FINANCIAL DISTRICT — A new shoe-shine shop in the Financial District is banking on the "ultimate" formula for cleaning up scuffed wingtips: polish, buff — and skimpy shorts.
Co-owner Kevin White Jr., 30, said he and his dad, who both live in Queens and work in finance, had bounced around the idea of an upscale shoe-shine spot run by attractive women for some time, and finally decided to make the move.
“We thought it could be a successful twist,” said White, who opened the store three weeks ago. “Finance guys are so busy and stressed, this is a chance to unwind and relax. It’s definitely an upgraded shoe-shine experience.”
Despite the little black shorts and tight tank tops sported by all the female employees, White said the store, which features large leather chairs and flat-screen TVs, is meant to have a classy atmosphere. White also hopes to start serving beer and wine in the store in the next couple of months.
“All the young ladies have undergone professional training — this is an upscale place,” White said. “Many of the women are students or just out of college. Even my sister, a college student, is working there.”
The store's location, on a short, narrow street between Exchange Place and Beaver Street, doesn’t get lots of foot traffic, but White said word of mouth, along with the women passing out fliers on Wall Street in their uniforms, has been drumming up business.
On Wednesday morning, one man, already a repeat customer, was getting his black shoes polished by 19-year-old Kaya Santiago, a Westchester Community College student, in the otherwise empty shop.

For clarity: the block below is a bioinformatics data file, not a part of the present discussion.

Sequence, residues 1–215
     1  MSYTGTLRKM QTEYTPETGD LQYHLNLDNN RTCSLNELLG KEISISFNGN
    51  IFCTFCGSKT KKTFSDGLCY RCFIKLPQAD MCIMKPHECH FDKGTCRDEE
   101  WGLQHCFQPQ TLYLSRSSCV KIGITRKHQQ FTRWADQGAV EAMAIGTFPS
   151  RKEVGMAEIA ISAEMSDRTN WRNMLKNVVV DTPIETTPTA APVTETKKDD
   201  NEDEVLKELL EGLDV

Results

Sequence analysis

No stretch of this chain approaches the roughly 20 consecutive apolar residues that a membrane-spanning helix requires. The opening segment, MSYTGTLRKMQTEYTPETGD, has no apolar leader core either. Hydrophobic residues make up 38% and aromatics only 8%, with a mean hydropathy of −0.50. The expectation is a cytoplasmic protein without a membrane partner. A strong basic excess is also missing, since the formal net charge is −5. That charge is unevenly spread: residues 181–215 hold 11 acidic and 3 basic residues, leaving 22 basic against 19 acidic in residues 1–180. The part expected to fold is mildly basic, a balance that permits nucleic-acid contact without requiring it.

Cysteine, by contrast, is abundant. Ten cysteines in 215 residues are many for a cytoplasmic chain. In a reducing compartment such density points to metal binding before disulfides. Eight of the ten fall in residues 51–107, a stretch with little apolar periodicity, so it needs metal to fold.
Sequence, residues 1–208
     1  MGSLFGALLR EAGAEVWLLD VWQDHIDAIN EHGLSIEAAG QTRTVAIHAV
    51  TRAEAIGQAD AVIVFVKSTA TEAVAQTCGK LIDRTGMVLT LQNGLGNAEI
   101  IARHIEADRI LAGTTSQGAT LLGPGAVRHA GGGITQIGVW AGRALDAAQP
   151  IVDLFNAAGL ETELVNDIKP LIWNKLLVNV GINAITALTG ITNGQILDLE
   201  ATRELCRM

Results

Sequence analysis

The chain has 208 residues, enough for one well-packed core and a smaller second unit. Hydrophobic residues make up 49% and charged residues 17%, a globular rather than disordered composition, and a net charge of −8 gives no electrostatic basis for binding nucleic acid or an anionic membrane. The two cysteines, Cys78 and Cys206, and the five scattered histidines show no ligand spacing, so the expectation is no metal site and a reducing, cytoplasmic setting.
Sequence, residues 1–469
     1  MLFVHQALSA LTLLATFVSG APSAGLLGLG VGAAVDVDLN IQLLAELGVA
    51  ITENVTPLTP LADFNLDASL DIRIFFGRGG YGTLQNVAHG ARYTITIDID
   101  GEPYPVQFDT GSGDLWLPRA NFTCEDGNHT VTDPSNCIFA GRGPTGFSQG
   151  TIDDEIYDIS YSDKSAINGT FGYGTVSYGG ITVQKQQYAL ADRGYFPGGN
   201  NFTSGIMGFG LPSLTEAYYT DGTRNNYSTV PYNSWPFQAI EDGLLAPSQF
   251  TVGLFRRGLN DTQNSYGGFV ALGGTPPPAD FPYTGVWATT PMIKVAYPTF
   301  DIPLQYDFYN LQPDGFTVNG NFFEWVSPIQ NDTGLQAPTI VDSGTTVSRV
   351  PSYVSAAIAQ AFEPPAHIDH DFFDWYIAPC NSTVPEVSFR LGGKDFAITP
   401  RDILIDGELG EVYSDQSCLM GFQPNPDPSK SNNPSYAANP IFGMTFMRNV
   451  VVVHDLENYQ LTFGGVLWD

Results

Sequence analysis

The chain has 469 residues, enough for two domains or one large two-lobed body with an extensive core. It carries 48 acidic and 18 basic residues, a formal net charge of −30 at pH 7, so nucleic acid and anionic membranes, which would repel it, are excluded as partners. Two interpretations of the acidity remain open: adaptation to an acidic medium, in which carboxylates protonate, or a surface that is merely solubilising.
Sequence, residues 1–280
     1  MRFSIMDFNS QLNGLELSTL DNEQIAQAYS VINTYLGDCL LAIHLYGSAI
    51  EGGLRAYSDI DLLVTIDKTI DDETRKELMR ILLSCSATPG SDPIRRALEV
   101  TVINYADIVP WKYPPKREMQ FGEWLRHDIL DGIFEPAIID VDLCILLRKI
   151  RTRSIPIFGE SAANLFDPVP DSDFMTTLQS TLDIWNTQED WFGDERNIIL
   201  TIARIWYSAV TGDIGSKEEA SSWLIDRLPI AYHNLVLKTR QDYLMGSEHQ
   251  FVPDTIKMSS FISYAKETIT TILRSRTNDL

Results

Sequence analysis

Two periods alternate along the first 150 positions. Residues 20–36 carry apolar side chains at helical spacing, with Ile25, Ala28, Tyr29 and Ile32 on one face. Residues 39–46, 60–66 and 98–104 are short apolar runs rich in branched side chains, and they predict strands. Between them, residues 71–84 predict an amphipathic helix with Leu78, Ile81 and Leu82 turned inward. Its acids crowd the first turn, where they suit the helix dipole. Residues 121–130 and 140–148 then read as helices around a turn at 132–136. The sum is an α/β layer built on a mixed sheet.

“They do a good job,” said the Wall Streeter, who asked his name not be used because his boss didn’t know he was taking an early-morning break. “And yes, it helps that they are very pretty — but the prices are a little high if you don’t get the discount.”
The regular price for a shoe shine, which takes about five minutes, is $7, though the store is offering up a $4 deal for customers who come in before 11 a.m.
Star Shine is also offering its services outside of the shop. If patrons gather 10 or more people in need of a shoe shine, the girls will come to them.
Plus, the women are also setting up booths at corporate events and parties.
“We’ve been surprised by how many corporations have been reaching out to us,” White said.
The women have already booked gigs at events for financial advisors and brokers, as well as at a software trade show at the Javits Center.
As for the women, the two working Wednesday said they’ve enjoyed their shoe-shine jobs so far.
“It’s actually fun,” Santiago said. “Everyone’s been nice, and it's something to do while I'm in school.
"And the tips can be good, usually."